Erin Leigh wins

January 26th, 2011 at 8:38 am by David Farrar

The Court of Appeal has just released a decision, that may have political ramifications.

has had her case for defamation restored, after the High Court had struck it out. This does not mean she will eventually win, but it does mean there will be a trial, which could include evidence from Labour MPs and their former officials.

Leigh was a whistleblower who alleged wrog-doing over the appointment of asĀ  a comunications contractor to the Environment Ministry, on the recommendation of , the then Minister.

The Ministry provided a written and oral briefing on her to , who then said very uncomplimentary things about her in Parliament. She is not suing Mallard (as he is protected by parliamentary privilege) but is suing the Government for the contents of the briefings.

So the case will proceed to court, and it will be a very interesting case. I’ll let people know once a date is scheduled.

Hat Tip: Steven Price

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9 Responses to “Erin Leigh wins”

  1. mavxp (479 comments) says:

    More power to Erin.

    Our MPs and government officials must be held accountable and corruption exposed and properly investigated (which lets face it this is – even if it may be seen as simply stacking the deck in favour of your mates when it comes to getting cushy government jobbies).

    Her treatment by Mallard was appalling and cowardly, although as Labour’s attack dog, orders no doubt came from higher up the food chain in that ethical wasteland that is the Labour party.

    The sooner the Labour party are rejuvenated with new blood and people with principle the better. They will be government again one day… sad but true.

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  2. Murray (8,844 comments) says:

    Mallards habitual employment of parliamentary privilege to smear detractors of the labour government is a repugnant misuse of the privilege. Perhaps it application should be reviewed

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  3. Roflcopter (450 comments) says:

    Hopefully Curran gets dragged over the coals for this as well…

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  4. Falafulu Fisi (2,179 comments) says:

    It’s good that Errin stands up to bully from Mallard & Co.

    DPF said…
    Clare Curran as a communication contractor.

    I thought that her qualification was gained in Anthropology (BA) as stated here (NZ Parliament website). I didn’t know that a qualification in digging up skulls in old caves can be useful in advising on government’s communications. No wonder that our politicians are out of touch with realities, since they employ Rasputin-type/psychic/palm-readers to advise them on important issues relating to running the country.

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  5. David Farrar (1,883 comments) says:

    To be fair to Clare, I’ve not seen any evidence she did anything wrong at all – she was commissioned to do a job, and did it.

    Any wrong-doing was on the fault of David Parker who basically told the Ministry to hire her.

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  6. Rex Widerstrom (5,349 comments) says:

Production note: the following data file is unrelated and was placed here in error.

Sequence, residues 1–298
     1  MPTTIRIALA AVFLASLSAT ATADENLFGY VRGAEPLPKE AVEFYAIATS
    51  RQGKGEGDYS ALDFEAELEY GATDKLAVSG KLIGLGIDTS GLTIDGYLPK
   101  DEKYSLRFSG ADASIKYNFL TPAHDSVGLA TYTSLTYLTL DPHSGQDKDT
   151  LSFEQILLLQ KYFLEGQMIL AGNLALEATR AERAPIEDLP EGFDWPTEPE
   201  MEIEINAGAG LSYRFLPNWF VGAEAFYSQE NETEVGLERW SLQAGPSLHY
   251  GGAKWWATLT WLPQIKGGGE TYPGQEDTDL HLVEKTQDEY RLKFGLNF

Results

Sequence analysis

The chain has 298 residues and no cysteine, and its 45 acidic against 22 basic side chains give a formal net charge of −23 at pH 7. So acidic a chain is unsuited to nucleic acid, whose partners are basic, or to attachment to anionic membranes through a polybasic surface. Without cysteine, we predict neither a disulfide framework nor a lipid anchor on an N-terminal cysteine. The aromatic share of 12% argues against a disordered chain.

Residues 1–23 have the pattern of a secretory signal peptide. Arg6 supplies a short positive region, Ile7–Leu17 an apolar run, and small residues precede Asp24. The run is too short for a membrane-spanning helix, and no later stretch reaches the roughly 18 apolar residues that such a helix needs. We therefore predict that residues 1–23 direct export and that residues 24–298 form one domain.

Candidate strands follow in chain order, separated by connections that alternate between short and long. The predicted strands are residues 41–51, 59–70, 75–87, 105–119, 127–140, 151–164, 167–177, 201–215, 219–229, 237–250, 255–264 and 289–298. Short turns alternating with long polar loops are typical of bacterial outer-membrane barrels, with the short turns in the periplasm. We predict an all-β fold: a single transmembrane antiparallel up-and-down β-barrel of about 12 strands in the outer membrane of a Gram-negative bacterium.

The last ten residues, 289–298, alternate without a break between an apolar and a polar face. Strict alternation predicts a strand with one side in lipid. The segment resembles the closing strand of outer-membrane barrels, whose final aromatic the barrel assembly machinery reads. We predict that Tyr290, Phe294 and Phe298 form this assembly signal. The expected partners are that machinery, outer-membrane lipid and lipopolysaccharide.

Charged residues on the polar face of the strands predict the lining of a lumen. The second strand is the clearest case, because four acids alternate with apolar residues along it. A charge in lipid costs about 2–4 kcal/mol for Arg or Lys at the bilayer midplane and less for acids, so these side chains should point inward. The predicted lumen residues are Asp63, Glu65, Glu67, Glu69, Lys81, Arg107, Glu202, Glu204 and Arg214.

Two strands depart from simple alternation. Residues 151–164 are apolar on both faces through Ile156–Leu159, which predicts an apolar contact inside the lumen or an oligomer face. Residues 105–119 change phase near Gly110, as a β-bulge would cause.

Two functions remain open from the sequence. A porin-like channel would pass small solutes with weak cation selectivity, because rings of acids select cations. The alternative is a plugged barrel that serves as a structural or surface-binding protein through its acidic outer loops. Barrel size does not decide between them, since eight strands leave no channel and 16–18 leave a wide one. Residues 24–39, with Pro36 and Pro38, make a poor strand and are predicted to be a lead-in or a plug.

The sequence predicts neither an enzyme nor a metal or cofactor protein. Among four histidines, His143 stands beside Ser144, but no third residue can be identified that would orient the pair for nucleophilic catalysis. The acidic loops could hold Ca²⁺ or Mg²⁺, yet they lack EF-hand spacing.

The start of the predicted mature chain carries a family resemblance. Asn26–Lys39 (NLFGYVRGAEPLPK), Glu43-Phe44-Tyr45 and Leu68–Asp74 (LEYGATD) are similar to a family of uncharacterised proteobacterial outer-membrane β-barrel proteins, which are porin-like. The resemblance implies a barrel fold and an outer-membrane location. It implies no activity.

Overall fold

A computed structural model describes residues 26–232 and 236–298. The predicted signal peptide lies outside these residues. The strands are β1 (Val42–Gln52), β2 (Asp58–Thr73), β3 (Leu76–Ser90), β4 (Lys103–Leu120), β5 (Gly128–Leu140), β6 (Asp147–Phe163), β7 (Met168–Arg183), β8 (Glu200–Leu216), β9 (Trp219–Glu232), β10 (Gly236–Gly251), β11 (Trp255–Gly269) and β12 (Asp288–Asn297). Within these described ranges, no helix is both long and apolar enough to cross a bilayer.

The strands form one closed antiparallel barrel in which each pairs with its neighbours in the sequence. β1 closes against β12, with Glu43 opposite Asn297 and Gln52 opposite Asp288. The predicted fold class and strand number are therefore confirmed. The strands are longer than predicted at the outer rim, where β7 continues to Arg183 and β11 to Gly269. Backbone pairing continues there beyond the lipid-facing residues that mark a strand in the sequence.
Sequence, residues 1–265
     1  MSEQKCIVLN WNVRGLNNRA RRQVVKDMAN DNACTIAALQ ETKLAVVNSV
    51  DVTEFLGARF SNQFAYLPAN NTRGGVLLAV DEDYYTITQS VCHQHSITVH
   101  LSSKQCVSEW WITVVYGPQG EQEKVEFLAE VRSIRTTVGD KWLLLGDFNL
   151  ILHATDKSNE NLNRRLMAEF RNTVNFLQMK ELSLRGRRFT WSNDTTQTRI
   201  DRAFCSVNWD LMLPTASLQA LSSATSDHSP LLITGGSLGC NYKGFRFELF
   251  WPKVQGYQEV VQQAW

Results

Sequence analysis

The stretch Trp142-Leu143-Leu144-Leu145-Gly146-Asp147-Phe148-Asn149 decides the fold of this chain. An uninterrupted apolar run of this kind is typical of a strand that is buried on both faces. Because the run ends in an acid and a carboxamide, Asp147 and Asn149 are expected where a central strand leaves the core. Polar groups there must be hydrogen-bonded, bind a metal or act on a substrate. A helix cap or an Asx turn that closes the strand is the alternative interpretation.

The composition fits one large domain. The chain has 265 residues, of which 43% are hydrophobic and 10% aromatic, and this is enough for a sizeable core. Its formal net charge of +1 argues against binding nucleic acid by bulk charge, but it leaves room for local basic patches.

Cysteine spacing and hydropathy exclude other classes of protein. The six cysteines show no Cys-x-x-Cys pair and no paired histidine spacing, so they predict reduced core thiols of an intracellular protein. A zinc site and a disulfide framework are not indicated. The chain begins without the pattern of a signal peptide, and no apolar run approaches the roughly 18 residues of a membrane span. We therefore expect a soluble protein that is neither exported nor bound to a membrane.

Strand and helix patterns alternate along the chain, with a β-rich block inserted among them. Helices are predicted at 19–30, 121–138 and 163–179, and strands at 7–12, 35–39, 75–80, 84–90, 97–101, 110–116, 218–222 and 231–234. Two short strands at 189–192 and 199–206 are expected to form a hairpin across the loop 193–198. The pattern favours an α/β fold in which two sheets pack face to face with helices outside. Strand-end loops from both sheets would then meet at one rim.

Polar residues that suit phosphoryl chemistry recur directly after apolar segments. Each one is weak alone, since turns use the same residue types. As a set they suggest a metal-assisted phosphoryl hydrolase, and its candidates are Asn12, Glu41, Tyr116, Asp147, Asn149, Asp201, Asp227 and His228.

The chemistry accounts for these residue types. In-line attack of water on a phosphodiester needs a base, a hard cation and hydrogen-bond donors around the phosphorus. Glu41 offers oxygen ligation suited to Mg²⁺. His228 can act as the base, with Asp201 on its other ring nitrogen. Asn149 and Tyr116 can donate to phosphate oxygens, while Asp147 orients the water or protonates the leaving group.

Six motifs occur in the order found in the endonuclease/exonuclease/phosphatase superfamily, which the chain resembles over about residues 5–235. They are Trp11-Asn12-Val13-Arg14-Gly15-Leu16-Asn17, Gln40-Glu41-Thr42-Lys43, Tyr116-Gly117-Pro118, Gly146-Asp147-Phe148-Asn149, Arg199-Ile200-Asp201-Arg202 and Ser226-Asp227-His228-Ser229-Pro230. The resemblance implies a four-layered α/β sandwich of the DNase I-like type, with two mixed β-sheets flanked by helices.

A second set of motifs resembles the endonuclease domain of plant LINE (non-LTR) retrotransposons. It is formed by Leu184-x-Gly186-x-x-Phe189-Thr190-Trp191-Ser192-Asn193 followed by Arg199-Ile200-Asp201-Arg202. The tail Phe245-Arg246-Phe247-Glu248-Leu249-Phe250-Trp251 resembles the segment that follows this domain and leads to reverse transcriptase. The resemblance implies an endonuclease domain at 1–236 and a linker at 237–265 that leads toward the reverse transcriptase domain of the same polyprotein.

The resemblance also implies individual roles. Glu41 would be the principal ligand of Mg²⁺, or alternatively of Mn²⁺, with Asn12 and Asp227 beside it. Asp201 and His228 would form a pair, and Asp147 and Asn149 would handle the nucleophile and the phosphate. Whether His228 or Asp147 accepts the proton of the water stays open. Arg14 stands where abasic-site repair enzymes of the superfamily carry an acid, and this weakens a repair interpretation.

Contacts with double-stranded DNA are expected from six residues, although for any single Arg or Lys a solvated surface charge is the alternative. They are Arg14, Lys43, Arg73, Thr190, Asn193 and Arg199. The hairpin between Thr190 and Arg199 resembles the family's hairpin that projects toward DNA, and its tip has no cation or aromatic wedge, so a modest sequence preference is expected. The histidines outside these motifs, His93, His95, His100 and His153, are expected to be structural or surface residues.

Murray suggests:

    Perhaps it application should be reviewed

    Privilege derives from the quaint tradition of the Monarch cutting the head off anyone who said something s/he didn’t like. I doubt the present Monarch, or her local representative, want to cut the head off anybody (with the possible exception of Paul Henry) so it’s well overdue for a review.

    I’d suggest making it a privilege (excuse the pun) rather than a right – establishing a review system, whereby someone smeared under privilege could seek a ruling as to whether its use was appropriate (i.e. in the public interest, not just to score points or allow the member to behave like a shit). If found to have abused the privilege of privilege, it’s protection is lifted and action can be taken.

    It’d be especially great if they made it retrospective (wouldn’t it, Ron Mark?)

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  7. AG (1,823 comments) says:

    “So the case will proceed to court, and it will be a very interesting case.”

    Well, possibly. But there is a problem for Ms Leigh – what damage did she suffer as a result of the (alleged) defamation? The real trashing of her reputation came when Mallard revealed the content of the briefing in Parliament. But the C. of A. decided that parliamentary privilege means that not only can’t he be sued directly for this, but that damages can’t be got for any harm caused by that exposure. Hence, the only damages she can get is for the effect that giving the briefing document to the Minister may have had on her – is that going to be enough money to justify a whole High Court trial?

    Further, she’ll only get damages if the officials in question can’t plead qualified privilege as a defence – that they took reasonable care in putting together the briefing document and that they had a genuine public interest in giving it to the Minister. Which, you’ll note, Steven Price thinks is a pretty good argument.

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  8. georgebolwing (769 comments) says:

    Rex:

    I think that parliamentary privilage, while open to abuse, is a cornerstone of our democracy and thus should remain in its current absolute form. I think we have enough protections in place for those who have abused the privilage to be held to account politically for what they have done.

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  9. Viking2 (11,368 comments) says:

    The abuse of privilege is the same as defamation and as such should actionable. Why should privilege be used to abuse others?

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